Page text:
Learning Lesson: A Funny Taste


We all know the oceans are salty, but so are other sources of water. The oceans have a salinity (salt content) of 35ppt. The Dead Sea has an average salinity of 290ppt, almost nine times saltier than the oceans. But what does that actually mean? Just how salty-tasting are these various bodies of water? With up to seven containers of water and table salt, students will taste different salinities in various bodies of water around the Earth.

TOTAL TIME 25 minutes.
SUPPLIES 7 - 1.5-liter beakers (quart and a half) or larger; 7 sheets of paper; A small drinking cup for each student; 8 liters (2 gallons) of distilled water; One 26-ounce container of salt.
PRINTED/AV MATERIAL Map/globe to show the locations of the various bodies of water.
TEACHER PREPARATION The water and salt solutions (see procedure below) can be prepared beforehand or as a classroom participation. The procedure is designed to produce liter size solutions but salt/water amounts can be halved or quartered should lessor amounts be desired.
SAFETY FOCUS Rip Current Safety


  1. Write one of the following words on each of the seven sheets of paper: Distilled, Human Tears, The Black Sea, The Oceans, The Red Sea, Great Salt Lake, The Dead Sea.
  2. Fill each beaker with one liter (one quart) of distilled water. Dissolve the proper amount of salt (see table below) in each beaker and place it on the appropriate sheet. (Warming the water in the Great Salt Lake and Dead Sea beakers will help to dissolve the salt.)
  3. Beginning with the distilled water, place a teaspoon (or smaller) sample in each student's drinking cup to allow them to taste it. Repeat with each increasingly salty solution.
Body of Water Grams
(per Liter)
(per Quart)
Distilled 0 0
Baltic Sea 7.1 0.2
Black Sea 18.2 0.6
The Oceans 35.4 1.2
Red Sea 40.5 1.4
Great Salt Lake 172 5.7
The Dead Sea 293 9.8


Distilled water is water that has been boiled (changed to water vapor) and then recondensed (turns back into a liquid). Water is distilled to purify it of contaminants, like salts, which are left behind.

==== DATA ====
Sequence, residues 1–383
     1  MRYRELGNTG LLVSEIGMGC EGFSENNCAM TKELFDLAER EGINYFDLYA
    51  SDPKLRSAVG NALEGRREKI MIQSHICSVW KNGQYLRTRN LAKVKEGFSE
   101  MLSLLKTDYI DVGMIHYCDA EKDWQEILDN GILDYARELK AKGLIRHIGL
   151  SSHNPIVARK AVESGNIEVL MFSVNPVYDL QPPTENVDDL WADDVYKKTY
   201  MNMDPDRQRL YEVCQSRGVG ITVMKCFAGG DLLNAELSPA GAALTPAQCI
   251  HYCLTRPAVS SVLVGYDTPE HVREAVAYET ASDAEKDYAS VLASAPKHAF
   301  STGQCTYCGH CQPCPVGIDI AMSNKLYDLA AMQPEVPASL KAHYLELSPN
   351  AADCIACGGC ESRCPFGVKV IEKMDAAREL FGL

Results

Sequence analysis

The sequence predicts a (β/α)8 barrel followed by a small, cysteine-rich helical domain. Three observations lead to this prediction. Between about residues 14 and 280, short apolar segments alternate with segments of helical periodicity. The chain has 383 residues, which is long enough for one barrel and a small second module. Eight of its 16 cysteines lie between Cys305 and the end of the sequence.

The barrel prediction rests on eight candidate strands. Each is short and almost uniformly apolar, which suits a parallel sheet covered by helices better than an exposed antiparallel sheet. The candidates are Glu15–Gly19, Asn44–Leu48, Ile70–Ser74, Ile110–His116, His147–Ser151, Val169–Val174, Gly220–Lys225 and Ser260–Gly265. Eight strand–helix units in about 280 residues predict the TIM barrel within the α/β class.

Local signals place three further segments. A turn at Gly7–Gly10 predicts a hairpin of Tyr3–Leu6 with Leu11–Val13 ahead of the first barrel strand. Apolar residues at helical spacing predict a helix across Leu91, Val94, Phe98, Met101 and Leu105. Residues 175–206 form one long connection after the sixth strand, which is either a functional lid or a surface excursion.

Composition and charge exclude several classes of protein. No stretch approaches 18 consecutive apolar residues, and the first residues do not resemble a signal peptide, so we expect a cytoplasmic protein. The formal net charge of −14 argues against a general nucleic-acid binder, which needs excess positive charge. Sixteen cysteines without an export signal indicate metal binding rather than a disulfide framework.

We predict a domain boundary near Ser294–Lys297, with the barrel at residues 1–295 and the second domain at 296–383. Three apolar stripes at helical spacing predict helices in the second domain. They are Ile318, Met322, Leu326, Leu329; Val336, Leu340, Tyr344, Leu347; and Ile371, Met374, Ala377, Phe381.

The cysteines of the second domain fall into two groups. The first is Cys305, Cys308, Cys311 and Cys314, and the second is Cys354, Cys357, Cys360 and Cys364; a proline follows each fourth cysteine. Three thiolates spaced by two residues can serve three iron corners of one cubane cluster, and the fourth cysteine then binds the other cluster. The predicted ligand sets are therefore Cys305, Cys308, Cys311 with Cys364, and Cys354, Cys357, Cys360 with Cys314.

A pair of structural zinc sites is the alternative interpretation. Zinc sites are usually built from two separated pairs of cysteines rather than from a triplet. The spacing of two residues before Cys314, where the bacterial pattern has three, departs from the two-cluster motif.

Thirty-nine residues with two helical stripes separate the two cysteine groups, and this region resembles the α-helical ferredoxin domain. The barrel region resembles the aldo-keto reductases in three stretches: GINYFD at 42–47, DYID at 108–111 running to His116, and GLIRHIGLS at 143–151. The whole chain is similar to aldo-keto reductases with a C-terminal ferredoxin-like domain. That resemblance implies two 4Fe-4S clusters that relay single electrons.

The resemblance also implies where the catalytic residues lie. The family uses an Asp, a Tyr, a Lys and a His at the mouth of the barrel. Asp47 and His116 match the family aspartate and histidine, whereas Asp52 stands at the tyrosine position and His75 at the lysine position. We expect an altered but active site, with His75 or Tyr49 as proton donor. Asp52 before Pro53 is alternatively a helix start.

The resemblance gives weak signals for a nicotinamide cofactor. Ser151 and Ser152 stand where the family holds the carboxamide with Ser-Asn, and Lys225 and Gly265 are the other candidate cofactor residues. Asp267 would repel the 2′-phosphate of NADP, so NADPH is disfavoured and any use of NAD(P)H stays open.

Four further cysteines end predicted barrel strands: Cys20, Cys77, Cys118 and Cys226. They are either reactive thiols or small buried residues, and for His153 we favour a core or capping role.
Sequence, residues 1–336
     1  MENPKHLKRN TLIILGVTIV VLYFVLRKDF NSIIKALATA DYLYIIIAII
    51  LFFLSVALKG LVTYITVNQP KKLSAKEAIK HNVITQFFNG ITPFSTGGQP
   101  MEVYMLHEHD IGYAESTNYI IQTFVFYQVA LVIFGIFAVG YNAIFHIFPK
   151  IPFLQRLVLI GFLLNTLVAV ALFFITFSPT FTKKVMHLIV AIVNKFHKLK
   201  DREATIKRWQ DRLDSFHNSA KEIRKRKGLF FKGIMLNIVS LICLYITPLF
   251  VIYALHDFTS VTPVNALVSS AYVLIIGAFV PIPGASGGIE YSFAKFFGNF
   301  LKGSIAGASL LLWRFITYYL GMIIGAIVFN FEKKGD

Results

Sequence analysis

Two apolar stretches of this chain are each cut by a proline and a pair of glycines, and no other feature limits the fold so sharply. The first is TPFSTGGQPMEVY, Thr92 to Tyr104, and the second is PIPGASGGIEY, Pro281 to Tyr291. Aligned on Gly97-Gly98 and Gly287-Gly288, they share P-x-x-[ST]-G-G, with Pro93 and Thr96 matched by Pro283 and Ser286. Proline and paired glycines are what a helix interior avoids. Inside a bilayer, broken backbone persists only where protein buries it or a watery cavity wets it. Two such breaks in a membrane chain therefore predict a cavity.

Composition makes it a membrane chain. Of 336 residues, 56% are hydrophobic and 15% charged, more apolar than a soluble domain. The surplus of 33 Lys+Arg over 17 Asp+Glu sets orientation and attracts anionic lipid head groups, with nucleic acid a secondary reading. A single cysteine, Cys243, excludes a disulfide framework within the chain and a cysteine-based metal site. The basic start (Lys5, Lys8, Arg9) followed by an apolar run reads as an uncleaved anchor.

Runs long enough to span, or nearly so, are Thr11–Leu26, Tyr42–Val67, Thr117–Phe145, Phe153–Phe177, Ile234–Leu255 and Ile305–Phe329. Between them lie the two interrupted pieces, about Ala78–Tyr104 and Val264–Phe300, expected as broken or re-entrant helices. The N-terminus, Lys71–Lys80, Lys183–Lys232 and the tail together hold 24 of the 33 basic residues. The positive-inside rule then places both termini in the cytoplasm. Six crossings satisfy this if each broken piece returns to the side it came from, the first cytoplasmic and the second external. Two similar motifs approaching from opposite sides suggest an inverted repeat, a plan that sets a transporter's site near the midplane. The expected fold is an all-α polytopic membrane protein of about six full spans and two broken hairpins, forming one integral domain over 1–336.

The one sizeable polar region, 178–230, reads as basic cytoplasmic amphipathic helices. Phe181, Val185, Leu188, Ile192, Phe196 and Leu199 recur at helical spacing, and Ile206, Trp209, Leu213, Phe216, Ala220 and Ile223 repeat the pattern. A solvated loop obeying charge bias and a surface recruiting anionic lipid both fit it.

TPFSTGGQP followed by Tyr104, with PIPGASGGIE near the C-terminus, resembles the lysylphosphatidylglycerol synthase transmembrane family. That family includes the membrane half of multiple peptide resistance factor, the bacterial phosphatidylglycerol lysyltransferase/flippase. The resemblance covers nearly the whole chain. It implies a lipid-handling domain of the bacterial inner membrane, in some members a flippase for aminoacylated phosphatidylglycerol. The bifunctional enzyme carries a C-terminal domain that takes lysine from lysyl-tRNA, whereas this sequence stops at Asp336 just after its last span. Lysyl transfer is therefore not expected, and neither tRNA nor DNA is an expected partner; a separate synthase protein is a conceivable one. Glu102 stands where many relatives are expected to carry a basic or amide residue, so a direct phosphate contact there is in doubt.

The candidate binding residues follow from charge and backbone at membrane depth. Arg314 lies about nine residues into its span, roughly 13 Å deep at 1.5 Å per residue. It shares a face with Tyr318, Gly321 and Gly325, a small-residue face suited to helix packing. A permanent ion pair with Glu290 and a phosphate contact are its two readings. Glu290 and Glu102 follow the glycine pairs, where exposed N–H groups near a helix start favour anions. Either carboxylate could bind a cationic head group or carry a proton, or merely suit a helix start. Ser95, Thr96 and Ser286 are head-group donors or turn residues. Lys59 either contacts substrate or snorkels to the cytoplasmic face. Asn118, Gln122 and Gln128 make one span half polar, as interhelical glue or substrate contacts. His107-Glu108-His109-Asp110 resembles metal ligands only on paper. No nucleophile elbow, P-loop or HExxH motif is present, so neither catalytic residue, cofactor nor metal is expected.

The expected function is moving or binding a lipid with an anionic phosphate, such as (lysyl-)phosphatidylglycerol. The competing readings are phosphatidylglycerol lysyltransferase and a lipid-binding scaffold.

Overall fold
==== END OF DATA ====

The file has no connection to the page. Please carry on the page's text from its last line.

This same process takes place in the Earth's atmosphere. As the sun heats the oceans, water evaporates, leaving the salts and other minerals in the ocean behind. In the atmosphere, the water vapor cools and recondenses into tiny water droplets forming clouds.

Given the right conditions, these droplets collide to form larger and larger drops. When the rising air can no longer support the weight of the drops, the distilled water returns to the Earth as rain, eventually flowing back into the sea to begin the process all over again.

The addition of the different amounts of salt alone will be an eye-opening event, especially with the very large amount of salt needed to simulate the Dead Sea's salinity.

For an extended demonstration, place the beakers in a sunny window sill to allow the water to evaporate. Eventually, all that is left will be the original salt.

Building a Weather-Ready Nation

Since the oceans cover nearly 75% of the Earth's surface, it is likely you will visit a beach at least once in your life. Rip currents are powerful, channeled currents of water flowing away from shore. They typically extend from the shoreline, through the surf zone, and past the line of breaking waves. Rip currents can occur at any beach with breaking waves, including the Great Lakes.

If you see someone in trouble, don't become a victim too:

  • Get help from a lifeguard.
  • If a lifeguard is not available, have someone call 9-1-1.
  • Throw the rip current victim something that floats such as a lifejacket, a cooler, an inflatable ball.
  • Yell instructions on how to escape the 'rip'.
  • Remember, many people drown while trying to save someone else from a rip current.